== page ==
- There are two major classes of communications satellites, passive and active
- Passive → bouncing signals from the Earth back to another location on the Earth
- Active → carry electronic devices called transponders for receiving, amplifying, and re-broadcasting signals to the Earth
Communications satellites India
- Indian National Satellite (INSAT) Series
- GSAT Satellites Series
- A system of satellites that provide autonomous geo-spatial positioning with global coverage
- Designed expressly to aid the navigation of sea and air traffic via. Radio waves
- It allows small electronic receivers to determine their location to high precision using time signals transmitted along a line of sight by radio from satellites
- A satellite navigation system with global coverage may be termed a global navigation satellite system (GNSS)
- Currently Global Positioning System (GPS) and the Russian GLONASS are only globaly operational GNSSs
- China is in the process of expanding its regional BeiDou Navigation Satellite System into the global Compass navigation system by 2020.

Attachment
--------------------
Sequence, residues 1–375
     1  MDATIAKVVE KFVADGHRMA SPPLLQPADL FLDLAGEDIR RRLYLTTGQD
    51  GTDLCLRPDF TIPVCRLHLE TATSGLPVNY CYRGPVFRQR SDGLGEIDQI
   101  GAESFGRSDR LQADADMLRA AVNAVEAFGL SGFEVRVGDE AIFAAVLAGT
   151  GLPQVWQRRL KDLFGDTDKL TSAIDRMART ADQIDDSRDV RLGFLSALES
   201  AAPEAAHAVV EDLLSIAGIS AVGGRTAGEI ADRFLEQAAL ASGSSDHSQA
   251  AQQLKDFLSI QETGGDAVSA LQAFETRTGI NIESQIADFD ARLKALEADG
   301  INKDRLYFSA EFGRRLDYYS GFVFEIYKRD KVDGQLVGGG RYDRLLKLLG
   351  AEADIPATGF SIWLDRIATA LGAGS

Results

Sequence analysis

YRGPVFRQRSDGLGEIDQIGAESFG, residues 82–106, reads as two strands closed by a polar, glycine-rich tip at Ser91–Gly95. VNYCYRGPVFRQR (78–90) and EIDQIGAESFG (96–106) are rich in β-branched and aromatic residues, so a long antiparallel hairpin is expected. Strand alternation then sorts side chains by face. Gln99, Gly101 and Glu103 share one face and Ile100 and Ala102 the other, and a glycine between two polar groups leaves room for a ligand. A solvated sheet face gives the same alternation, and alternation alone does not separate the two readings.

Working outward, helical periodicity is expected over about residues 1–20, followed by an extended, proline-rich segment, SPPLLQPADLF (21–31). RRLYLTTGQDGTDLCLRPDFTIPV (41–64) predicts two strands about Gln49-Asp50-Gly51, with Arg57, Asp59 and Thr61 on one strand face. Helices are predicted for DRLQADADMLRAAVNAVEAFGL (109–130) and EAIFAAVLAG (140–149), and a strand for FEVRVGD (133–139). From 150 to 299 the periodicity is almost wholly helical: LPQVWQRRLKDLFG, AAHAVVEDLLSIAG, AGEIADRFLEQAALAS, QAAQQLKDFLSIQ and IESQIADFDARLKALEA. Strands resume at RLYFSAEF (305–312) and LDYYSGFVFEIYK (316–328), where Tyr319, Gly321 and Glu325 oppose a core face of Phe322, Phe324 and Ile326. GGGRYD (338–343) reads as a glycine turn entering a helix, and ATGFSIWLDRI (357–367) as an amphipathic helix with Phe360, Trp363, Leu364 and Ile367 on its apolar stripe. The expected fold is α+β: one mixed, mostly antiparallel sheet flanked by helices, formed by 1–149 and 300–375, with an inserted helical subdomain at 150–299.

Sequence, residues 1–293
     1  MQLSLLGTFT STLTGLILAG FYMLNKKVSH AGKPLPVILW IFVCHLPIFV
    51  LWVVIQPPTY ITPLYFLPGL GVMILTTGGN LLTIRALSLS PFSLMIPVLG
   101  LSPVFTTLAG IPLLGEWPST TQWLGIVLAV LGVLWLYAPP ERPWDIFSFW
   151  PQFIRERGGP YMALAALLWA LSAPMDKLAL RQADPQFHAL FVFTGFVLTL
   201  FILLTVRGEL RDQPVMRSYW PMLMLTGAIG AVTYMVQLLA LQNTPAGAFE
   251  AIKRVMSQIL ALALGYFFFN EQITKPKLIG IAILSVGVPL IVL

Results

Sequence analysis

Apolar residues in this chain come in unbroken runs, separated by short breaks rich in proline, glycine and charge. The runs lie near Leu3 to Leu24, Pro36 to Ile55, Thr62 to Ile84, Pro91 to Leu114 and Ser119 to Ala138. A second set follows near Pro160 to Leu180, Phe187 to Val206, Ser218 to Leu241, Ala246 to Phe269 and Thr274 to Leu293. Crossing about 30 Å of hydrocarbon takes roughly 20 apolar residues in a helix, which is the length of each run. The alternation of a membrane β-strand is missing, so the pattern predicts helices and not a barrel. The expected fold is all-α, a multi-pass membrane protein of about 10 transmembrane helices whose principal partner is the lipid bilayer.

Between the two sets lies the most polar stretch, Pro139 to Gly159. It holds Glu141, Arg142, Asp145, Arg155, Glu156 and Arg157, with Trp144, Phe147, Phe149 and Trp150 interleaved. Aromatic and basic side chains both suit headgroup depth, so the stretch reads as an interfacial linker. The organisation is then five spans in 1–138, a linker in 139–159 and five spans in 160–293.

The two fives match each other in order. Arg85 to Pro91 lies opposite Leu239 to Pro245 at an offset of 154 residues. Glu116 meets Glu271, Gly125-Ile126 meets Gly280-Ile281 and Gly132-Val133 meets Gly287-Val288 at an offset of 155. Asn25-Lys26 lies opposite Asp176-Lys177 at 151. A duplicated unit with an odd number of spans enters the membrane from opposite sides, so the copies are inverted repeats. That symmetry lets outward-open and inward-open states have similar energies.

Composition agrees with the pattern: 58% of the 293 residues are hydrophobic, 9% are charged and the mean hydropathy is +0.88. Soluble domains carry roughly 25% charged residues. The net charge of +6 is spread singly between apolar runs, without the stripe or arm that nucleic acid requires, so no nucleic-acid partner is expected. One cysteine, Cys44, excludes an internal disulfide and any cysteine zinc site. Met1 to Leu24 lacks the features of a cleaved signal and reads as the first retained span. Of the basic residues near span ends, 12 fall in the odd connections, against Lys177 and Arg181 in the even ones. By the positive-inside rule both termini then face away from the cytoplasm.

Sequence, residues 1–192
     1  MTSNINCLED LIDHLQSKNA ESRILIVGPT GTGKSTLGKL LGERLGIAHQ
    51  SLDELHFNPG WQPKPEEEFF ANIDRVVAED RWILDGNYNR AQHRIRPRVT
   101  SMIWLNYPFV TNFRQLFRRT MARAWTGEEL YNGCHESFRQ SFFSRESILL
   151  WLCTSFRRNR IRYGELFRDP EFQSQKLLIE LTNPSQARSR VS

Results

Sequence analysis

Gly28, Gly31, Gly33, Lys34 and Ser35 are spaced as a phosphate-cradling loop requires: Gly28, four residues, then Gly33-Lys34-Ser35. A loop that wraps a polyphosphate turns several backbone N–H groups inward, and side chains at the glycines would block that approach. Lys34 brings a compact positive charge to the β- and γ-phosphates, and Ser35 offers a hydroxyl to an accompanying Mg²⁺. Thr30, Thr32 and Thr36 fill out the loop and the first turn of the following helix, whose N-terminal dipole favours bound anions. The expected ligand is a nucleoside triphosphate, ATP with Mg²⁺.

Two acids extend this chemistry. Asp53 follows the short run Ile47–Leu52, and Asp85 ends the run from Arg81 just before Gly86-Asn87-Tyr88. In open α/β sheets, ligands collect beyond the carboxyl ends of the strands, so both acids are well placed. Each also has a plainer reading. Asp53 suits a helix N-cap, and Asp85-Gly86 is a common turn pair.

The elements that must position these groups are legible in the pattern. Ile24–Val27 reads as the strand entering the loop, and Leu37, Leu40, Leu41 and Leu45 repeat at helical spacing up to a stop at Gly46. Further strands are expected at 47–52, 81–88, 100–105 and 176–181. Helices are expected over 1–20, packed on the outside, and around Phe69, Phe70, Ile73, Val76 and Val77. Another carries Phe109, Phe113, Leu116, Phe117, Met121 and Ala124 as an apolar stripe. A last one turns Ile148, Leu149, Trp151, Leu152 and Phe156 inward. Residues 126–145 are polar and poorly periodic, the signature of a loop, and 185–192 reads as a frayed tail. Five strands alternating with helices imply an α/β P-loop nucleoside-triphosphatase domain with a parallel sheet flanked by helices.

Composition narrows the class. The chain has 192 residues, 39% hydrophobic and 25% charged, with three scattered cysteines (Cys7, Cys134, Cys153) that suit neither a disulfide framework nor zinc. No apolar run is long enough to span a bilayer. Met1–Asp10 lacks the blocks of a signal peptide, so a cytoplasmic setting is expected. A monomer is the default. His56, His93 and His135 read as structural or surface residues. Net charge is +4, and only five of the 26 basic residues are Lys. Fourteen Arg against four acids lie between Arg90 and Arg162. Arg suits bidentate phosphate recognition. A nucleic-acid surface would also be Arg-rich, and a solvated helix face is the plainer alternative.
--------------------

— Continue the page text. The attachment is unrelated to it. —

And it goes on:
- European Union’s Galileo is a GNSS in initial deployment phase, scheduled to be fully operational by 2020
- Japan is developing a regional based navigation system viz. Quasi-Zenith Satellite System
India has a regional satellite-based augmentation system, GPS Aided GEO Augmented Navigation (GAGAN), which enhances the accuracy of NAVSTAR GPS and GLONASS positions, and is developing the Indian Regional Navigation Satellite System (IRNSS)
Remote Sensing Satellites
- Remote sensing is observing and measuring our environment from a distance viz. earth observation satellites
- The electromagnetic radiation is normally used as an information carrier in remote sensing.
- The output of a remote sensing system is usually an image representing the scene being observed.
The data from these satellites are used for several applications covering agriculture, water resources, urban planning, rural development, mineral prospecting, environment, forestry, ocean resources and disaster management.
Remote Sensing Satellites India
- Indian Remote sensing (IRS) satellite series
- Cartosat; Oceansat; & RISAT (Resource Sat) Satellites
- Bhaskara Satellites; Megha-Tropiques Satellites
- Satellite with ARgos and ALtiKa (SARAL)
Space Exploration Satellites
- Space exploration satellites are not really satellites at all; they are properly known as space probes.
- Space probes send back detailed pictures and atmospheric data of planets and other stellar phenomena
- Space exploration satellites must be built to last because it takes so long for the satellites to reach their destinations.
- Jupiter’s rings were discovered by a space exploration satellite
Space Exploration Satellites India
- Stretched Rohini Satellite Series (SROSS)
- Chandrayaan 1
- Mars Orbiter Mission – Mangalyaan